The growing weight of China in world trade and investment had major effects globally: China became the biggest source of manufactured goods imports for most countries, whether developed or developing. Its voracious demand for raw materials and intermediate goods to be processed into exports largely meant for Northern markets changed the terms of trade and volume of exports for many primary-product (agricultural and mineral raw materials) producing countries and brought more countries into manufacturing value chains. Even though, simultaneously, cheaper manufactured goods from China did flood markets not only in advanced countries but also across developing nations, affecting their rates and patterns of industrialisation, the overall effect on income growth in developing countries was definitely positive.
In addition, partly because of the ability to channel the foreign exchange surpluses built up through years of positive net exports and significant capital inflows, Chinese capital became a significant player in the ongoing struggle for control over economic territory across the world. Some of these moves on the capital account certainly benefited developing countries, as China’s aid, loans and FDI into emerging markets and developing countries dwarfed the relatively small and declining contributions of advanced economies. A significant part of Chinese foreign aid (described as funds for development co-operation) was directed to infrastructure projects, especially in Southeast Asia, Latin America and Africa, and these had direct and indirect effects on growth prospects in the recipient countries. By 2014 the China Development Bank and the China Eximbank had become among the most active development lenders, dwarfing traditional lenders like the World Bank. Since the mid-2000s, Chinese direct and indirect financing of infrastructure investment in Sub-Saharan Africa has dominated over all other external players, including G7 countries. Unlike the foreign aid and capital flows from the northern advanced economies, Chinese investment, aid and loans have been overwhelmingly directed towards infrastructure expansion, particularly in the transport and energy sectors.
Such a pattern clearly suggests the potential for China to become a significant global economic player. But the hyperbolic accounts of Chinese economic strength risk overstating its current significance. In 2017, China accounted for less than 9 per cent of global output on the basis of market exchange rates at constant 2005 US dollars. Despite dramatic increases in income, its per capita GDP was only around 45 per cent of the global average, and still just a fraction of the average for the major economies of the imperialist core, for example only 15 per cent of US per capita income art market exchange rates.[i] In relative terms, China remains a “poor” country. The sheer size of its population nevertheless means that its potential as both a supplier and a market for goods in global trade is undoubtedly immense.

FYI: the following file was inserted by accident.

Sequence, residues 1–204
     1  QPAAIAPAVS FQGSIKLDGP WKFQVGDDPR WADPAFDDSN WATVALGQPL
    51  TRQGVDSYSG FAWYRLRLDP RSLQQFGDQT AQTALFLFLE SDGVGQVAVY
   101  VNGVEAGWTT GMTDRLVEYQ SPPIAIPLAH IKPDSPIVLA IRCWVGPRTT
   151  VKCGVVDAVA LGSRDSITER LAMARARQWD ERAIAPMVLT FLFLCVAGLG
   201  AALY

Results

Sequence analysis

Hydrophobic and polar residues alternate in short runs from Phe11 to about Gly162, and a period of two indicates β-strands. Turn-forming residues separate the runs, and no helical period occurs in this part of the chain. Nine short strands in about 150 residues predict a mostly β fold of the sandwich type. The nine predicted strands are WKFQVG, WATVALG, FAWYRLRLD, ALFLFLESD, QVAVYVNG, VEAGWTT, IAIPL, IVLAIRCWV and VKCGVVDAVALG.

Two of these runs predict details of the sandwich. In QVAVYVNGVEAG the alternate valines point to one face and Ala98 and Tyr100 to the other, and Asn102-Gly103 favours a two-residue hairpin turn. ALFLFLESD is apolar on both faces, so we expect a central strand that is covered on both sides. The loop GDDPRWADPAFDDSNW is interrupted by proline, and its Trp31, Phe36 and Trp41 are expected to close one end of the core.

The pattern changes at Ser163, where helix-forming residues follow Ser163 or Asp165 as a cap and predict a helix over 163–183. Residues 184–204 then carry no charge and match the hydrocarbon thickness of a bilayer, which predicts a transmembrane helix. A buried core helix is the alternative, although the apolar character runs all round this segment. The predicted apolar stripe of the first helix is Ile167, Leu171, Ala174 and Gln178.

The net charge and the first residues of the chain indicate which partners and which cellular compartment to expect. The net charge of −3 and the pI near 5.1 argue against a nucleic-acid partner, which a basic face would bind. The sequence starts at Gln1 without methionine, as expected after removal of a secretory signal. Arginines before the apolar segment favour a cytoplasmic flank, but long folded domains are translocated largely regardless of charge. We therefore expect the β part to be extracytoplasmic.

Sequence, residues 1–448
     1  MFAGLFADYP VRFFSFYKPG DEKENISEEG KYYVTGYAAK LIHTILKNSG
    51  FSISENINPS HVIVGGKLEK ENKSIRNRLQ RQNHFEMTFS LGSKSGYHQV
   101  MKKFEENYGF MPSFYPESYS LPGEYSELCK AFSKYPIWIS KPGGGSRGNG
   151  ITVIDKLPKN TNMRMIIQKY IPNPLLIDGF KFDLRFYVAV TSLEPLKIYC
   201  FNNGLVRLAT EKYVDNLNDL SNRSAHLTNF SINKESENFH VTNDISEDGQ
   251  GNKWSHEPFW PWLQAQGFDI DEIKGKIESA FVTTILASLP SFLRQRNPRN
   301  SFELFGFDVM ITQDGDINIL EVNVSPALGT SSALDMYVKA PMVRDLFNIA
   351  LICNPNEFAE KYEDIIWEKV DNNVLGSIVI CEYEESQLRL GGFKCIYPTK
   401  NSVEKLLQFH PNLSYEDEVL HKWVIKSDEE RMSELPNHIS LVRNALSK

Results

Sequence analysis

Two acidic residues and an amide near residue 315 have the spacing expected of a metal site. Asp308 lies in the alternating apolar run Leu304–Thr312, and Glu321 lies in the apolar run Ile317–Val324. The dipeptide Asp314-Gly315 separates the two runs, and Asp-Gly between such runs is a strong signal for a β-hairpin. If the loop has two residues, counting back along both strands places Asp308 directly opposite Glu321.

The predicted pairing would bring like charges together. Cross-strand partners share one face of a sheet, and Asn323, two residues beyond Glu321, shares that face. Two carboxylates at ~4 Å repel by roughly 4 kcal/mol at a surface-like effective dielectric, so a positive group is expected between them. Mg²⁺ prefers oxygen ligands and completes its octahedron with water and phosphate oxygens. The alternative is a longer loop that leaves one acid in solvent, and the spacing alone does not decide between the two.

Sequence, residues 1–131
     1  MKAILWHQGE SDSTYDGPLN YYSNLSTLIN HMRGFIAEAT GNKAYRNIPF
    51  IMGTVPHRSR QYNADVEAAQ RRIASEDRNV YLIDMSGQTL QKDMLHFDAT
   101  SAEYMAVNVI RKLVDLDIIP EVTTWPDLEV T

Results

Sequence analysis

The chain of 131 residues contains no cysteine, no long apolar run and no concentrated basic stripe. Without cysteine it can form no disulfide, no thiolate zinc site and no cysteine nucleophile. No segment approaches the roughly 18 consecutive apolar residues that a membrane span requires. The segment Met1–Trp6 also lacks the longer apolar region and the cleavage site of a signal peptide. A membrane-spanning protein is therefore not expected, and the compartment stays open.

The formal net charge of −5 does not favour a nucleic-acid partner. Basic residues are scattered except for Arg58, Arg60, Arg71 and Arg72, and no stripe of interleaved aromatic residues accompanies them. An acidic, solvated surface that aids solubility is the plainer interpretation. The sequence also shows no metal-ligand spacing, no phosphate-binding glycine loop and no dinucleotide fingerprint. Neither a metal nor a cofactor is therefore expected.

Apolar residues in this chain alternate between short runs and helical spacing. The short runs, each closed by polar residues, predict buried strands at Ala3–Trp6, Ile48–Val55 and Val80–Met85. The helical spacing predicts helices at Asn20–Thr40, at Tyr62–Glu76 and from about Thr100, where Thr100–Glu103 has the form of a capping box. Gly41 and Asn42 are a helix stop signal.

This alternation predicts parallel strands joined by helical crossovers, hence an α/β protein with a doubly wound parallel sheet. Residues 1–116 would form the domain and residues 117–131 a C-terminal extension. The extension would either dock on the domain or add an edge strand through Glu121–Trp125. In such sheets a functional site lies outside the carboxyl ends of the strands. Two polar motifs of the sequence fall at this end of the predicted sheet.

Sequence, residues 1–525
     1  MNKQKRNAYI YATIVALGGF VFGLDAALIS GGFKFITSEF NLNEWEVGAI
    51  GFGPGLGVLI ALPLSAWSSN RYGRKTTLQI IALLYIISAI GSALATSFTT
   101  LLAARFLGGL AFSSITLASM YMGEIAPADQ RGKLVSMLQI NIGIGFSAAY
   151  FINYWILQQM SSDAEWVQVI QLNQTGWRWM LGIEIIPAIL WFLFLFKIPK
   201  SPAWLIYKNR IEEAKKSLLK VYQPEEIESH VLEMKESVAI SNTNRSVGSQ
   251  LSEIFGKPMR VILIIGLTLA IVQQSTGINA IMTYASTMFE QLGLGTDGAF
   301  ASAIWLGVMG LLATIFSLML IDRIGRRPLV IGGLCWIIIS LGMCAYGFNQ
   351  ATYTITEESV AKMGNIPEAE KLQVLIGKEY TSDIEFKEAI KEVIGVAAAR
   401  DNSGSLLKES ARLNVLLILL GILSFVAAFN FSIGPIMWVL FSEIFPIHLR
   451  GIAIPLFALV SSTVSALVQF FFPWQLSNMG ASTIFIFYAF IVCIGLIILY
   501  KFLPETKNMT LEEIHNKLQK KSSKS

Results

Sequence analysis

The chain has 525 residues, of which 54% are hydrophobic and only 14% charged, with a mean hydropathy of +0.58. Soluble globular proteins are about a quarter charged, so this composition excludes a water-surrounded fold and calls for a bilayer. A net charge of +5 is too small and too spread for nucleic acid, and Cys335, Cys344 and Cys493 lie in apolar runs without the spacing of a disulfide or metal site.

Also, China is unlikely to play the same role of providing a much-needed demand impetus for developing country exports that it played in the earlier decade, based on incorporation into larger global value chains directed to serving core capitalist economies. The possibility of Asia becoming a viable alternative growth pole for the world economy is thereby undermined unless a completely new strategy can be put in place that actually provides China and other peripheral economies to engage in ways that do not rely on Northern expansion.
Various initiatives, including the regional and plurilateral projects like the New Development Bank of the BRICS countries and the Asia Infrastructure Investment Bank, but most of all through the ambitious Belt and Road Initiative (BRI). However, while the BRI is extensive in its ambition and geographical coverage, the resources thus far proposed are insufficient to meet the goals, which would require several trillion US dollars’ worth of resources over the next few years. The expectation is that other sources of funding will be mobilised, in the form of Public-Private Partnerships. So other governments of the countries involved in these plans are supposed to be involved through commitments and investment guarantees – after which the investment would still finally depend on the inclinations of private parties, who are notoriously hesitant and fickle with respect to infrastructure investment. All this means that the investments that will fructify will be less significant relative to the size of the host economies. Further, the time period over which these are being envisaged is fairly long and so will the investments would not generate immediate dramatic impacts. In any case, the amount of expected co-financing required in several projects makes them less generous and less affordable for the recipient countries.
What is perhaps most surprising is that the Chinese BRI strategy appears to have bought into several features of neoliberal globalisation, including deeper financial integration, protection of various kinds for private investors through “investment facilitation” and very extensive trade liberalisation that are proposed for all the partner countries in this initiative. This is unexpected, given that China’s own development success has been based on a much more heterodox and state-controlled approach. So it may generate some growth in partner countries, but it will also accentuate inequalities. And, if such an approach does indeed become the norm, then the BRI and similar strategies spearheaded by China would not be enough to meet the challenge of injecting demand into the world economy in a way that would save global capitalism from itself.
[i] Based on World Bank World Development Indicators online, accessed 12 November 2017.